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A Real-World Business Process Model Part 1

Using the WebLogic Platform for order management

When processes are modeled well and don't change, existing IT systems work well. However, real business changes all the time and processes are becoming more complex especially as the Internet is able to easily link internal and external systems.

Business process management (BPM) can help in managing this complex and ever changing process. The concept of manipulating data, which IT systems do efficiently today, can be extended to business processes. Businesses can use BPM systems, using workflow-type techniques, to control existing applications, Web services, and human processes together, or to construct or deconstruct processes or sub-processes.

Using business process modeling, we can model and also measure the effectiveness of existing business processes. This helps us understand how the business currently operates and allows the business to identify the improvements needed. It also gives us the ability to test the suggested improvements before implementing them to see if they will provide the desired results. Figure 1 shows how you can implement BPM in your business. First you analyze and define the process model. These business processes can be built and deployed through a process engine. Then, you can monitor the business process.

In this series we will see how WebLogic Integration provides a BPM solution. We will go through a real world example involving order management to show how Integration can be used to model, execute, and monitor a business process

PD4J and WebLogic Integration
WebLogic Integration provides a robust and integrated BPM solution. Process modeling in WebLogic Workshop is based on Process Definition for Java (PD4J). Different organizations are working towards different specifications in BPM - the Java Community Process (JCP) is working on Process Definition for Java (PD4J), OASIS on Business Process Execution Language for Web Service (WSBPEL or BPEL). PD4J has been proposed in JSR 207 and builds on the Java Language Metadata technology in JSR 175. The latter standard provides an easy-to-use syntax for describing a business process at the source-code level for the J2EE platform. The intention of JSR 207 is to explore and standardize the relationship between process languages like BPEL and the Java language and J2EE platform.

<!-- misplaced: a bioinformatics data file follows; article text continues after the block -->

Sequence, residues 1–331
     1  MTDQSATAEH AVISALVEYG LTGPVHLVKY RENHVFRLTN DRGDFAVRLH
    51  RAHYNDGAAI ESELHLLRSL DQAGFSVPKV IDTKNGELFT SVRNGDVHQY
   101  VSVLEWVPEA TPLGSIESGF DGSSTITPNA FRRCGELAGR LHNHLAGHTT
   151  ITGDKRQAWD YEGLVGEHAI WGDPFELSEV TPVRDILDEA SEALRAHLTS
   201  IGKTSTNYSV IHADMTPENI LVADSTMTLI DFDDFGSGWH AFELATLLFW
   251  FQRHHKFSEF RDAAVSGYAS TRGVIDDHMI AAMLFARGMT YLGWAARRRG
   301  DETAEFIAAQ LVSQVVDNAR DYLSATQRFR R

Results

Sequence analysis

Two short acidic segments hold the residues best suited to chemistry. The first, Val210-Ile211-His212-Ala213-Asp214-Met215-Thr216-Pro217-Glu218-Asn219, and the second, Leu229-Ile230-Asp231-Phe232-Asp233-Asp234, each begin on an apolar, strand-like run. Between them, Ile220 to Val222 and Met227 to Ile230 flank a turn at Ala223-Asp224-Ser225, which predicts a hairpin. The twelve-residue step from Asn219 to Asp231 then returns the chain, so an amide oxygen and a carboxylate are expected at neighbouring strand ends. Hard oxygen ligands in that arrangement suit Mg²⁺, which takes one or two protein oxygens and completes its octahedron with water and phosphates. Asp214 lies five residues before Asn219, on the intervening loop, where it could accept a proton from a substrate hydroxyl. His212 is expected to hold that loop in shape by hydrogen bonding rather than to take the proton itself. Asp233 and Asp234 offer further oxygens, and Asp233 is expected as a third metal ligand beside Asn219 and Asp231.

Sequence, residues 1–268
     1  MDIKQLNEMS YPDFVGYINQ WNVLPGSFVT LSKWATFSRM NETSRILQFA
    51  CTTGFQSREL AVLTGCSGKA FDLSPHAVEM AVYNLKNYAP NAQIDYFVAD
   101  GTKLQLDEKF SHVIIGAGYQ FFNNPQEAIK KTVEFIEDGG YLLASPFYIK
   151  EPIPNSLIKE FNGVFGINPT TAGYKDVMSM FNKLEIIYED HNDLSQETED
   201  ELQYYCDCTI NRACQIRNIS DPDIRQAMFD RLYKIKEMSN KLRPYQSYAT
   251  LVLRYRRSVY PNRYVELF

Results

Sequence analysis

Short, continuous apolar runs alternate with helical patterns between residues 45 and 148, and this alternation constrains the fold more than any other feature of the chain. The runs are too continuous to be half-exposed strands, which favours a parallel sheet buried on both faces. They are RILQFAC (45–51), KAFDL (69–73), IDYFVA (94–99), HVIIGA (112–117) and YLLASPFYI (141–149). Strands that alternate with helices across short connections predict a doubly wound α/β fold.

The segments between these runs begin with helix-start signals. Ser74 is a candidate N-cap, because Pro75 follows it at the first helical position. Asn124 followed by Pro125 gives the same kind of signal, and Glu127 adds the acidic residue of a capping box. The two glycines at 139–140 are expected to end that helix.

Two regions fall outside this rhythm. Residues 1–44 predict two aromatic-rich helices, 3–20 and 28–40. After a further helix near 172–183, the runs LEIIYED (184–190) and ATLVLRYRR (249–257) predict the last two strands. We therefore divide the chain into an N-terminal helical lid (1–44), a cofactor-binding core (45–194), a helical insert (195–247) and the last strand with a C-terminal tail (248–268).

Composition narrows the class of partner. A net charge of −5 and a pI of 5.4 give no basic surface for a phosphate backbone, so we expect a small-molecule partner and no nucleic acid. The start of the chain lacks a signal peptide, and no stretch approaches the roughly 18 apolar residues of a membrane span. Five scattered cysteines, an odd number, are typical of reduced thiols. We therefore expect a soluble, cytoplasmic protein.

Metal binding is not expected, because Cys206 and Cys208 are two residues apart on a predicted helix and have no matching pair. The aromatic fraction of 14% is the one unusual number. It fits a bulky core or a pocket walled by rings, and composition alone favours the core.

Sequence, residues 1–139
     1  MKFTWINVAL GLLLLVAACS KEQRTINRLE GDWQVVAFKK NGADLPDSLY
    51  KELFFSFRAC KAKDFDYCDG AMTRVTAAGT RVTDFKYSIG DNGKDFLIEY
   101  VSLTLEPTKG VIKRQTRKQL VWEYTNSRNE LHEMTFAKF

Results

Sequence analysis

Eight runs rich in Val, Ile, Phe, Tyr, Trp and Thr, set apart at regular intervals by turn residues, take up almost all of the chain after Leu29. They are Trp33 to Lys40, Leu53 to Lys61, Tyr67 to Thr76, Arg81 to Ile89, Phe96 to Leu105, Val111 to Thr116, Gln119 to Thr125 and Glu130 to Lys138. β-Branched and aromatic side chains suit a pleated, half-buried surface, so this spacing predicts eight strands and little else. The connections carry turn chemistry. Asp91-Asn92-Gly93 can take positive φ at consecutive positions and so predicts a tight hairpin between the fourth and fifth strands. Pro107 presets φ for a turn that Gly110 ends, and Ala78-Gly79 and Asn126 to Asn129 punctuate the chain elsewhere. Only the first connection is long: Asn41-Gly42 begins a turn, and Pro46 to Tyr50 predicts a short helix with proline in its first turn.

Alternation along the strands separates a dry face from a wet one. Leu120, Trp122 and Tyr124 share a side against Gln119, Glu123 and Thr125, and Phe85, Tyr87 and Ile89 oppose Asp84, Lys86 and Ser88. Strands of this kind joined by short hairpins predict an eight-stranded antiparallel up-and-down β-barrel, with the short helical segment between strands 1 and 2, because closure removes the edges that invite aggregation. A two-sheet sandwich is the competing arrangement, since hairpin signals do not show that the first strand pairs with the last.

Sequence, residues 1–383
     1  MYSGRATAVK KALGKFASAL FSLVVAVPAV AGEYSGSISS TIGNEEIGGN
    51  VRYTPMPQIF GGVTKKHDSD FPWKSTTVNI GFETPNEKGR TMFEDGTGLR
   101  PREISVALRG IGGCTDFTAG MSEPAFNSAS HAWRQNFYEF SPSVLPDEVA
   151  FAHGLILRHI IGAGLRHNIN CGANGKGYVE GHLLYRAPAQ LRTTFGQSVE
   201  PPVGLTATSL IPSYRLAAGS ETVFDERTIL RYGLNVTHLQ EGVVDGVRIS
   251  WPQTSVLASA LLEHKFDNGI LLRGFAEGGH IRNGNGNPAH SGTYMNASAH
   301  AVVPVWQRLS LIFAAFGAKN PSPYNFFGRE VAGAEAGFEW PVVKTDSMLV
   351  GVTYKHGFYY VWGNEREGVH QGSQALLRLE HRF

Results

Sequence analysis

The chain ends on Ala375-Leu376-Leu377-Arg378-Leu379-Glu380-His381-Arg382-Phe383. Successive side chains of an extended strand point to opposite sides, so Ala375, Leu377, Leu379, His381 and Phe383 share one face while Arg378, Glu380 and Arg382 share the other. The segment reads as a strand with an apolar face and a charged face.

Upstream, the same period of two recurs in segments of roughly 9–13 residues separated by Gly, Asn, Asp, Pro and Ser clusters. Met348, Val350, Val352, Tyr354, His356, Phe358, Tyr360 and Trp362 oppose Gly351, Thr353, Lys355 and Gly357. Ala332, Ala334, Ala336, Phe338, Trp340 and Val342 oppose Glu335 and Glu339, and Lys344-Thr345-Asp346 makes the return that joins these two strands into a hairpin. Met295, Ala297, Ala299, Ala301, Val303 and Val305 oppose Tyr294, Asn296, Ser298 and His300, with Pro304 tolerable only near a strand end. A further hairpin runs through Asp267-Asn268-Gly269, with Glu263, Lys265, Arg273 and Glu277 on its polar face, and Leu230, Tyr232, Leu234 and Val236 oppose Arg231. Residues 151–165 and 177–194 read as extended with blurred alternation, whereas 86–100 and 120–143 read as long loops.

As a major next step to defining this Java process standard, BEA and IBM have closely collaborated to create a new specification called BPELJ, which has also been submitted to the JSR 207 working group. BPELJ is a combination of BPEL and Java. It allows these two languages to be used together to build complete business process applications. By enabling BPEL and Java to work together, BPELJ leverages what each does best. BPELJ is implemented via extensions to the BPEL language; therefore any BPEL process can be executed through BPELJ. By standardizing these extensions, business processes will be truly portable and interoperable across the J2EE platform.

BEA is the lead for JSR 207 and a coauthor of both BPEL and BPELJ. In addition to BPEL capabilities, BEA will also provide full support for BPELJ in the next major release of WebLogic Integration. It will provide automatic and seamless migration experience from processes written in PD4J to BPELJ.

Key Components to Build BPM in WebLogic Integration
WebLogic Integration builds the BPM solution in three stages:

  1. Modeling of the process
  2. Execution or automation of the process, which is basically the build and deploy process
  3. Analysis of the process which includes monitoring of the process